Time to Upgrade Your Equipment: Should You Buy or Lease?

By Larry Alton

You need equipment to get the job done, but the question remains: should you lease or buy to help your business?

No matter what type of industry you’re in, you depend on equipment to get the job done.

That might be manual equipment, like presses or heavy machinery, or digital equipment, like tablets and smartphones, but all our work depends on physical objects, at least to some extent. And of course, eventually, physical objects break.

Sooner or later, your business will have to repair, replace, or upgrade your equipment, and when you do, you’ll have two main choices; buying or leasing your new products. You shouldn’t rule out either option right away, take your time to consider each, as there are many dimensions to this problem.

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General Advantages of Buying

First, consider the advantages buying has over leasing:

  • New and used choices. Just because you’re buying doesn’t mean you have to buy new. You’ll have the ability to choose between new and used options, possibly saving yourself a bit of money without sacrificing any quality in your final products.
  • Avoidance of unwanted terms and conditions. Most lease agreements come with terms and conditions you’ll have to strictly follow if you want to avoid penalties or legal action. Buying gives you more freedom to do what you want with your own property.
  • Ability to resell. Though depreciation usually mandates that you’ll sell your equipment at a loss, buying does give you the option to sell your equipment back at the end of its lifecycle, thereby increasing your potential return.

General Advantages of Leasing

Now, take a look at how leasing can trump buying:

  • End of lease options. Not all lease agreements are pure rentals. In fact, some of them have negotiable terms and conditions, and some may even allow you to purchase the equipment at a reduced rate after a finite period of being in the lease. It’s a way to get the best of both worlds.
  • Less upfront cost. When you lease equipment, there’s almost no upfront cost (at least compared to buying). For companies with limited capital, this is ideal.
  • External accountability. When something goes wrong with a piece of leased equipment, someone else will handle it. Your leasers will pay for and arrange for repairs, and sometimes replacements, when necessary, saving you time and money in the long run.

Specific Considerations for Businesses

As you can see, there are clear advantages and disadvantages on both sides of the equation. To make the right decision for your company, you’ll need to bear these special considerations in mind:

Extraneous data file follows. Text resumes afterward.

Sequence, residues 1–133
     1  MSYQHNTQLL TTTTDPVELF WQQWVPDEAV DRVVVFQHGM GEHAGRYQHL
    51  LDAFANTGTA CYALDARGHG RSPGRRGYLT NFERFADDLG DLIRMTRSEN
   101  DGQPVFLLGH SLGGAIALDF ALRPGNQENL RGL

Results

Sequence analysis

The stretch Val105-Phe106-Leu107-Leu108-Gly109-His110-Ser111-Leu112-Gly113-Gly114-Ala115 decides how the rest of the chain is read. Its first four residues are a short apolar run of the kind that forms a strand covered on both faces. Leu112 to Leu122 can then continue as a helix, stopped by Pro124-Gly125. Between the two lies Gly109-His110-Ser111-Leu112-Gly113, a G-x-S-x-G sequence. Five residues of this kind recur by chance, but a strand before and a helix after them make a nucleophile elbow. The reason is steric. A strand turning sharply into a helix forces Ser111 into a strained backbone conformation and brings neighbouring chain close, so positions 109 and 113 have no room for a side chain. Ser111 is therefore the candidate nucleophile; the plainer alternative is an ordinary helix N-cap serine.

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1. Different industries demand different standards

Your target market, your competition, and the way you work will all influence the lifecycle of your equipment. Are you the type of industry that rarely changes, and uses the same equipment for decades before needing to replace it?

Then buying makes far more sense. But let’s say you’re in a highly competitive, fast-paced industry, and you need to make a good impression on your customers by always having the best, latest-and-greatest equipment. In this case, you’ll need to keep your materials fresh and in perfect condition, so a lease might be better for you.

2.  Different types of equipment have different rates of decay

It’s also worth noting that different types of equipment have different natural rates of decay. For example, technology usually features high rates of obsolescence, demanding that it be replaced more frequently than something like construction equipment or heavy machinery. Accordingly, for tech products, leasing is generally more advantageous.

3. Buying power matters

Don’t stretch yourself too thin here, your buying power matters. Just because a buying decision seems advantageous on paper, that already assumes you have the cash and flexibility to buy those products outright. If you’re a startup or a small business, your cash flow is crucial to your success, and it’s probably volatile enough as it is. If you can spare a little cash by opting for a leasing arrangement instead of a buying arrangement, do so.

4. Long-term ROI should be the goal

Keep in mind what you’re really after here, the return on your investment (ROI). How much money can you make back by reselling your product after a few years of owning it? How much money will you save in repairs by opting for a lease agreement that takes care of such things? You’ll have to do your research here, but a few extra hours of effort can really illuminate the financial benefits of each potential decision.

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5. Don’t forget about productivity

Finally, don’t forget productivity as a part of the equation. On some level, your equipment is necessary for employees to do their jobs, but the quality and state of that equipment can influence them on subtle levels.

For example, an old piece of construction equipment might have quirks that make simple jobs take a few extra minutes or an older computer might double the length of time it takes to use certain functions of an app. Upgrading your equipment regularly can help you reduce this productivity loss.

There’s no right or wrong answer when it comes to buying or leasing your new equipment; it almost exclusively depends on your unique situation. Your industry, your workers, the type of equipment you need to replace, and your current cash availability should all play into your final decision.

Take your time, do your research, and if the numbers don’t spell out a clear decision for you, learn to trust your gut instincts.

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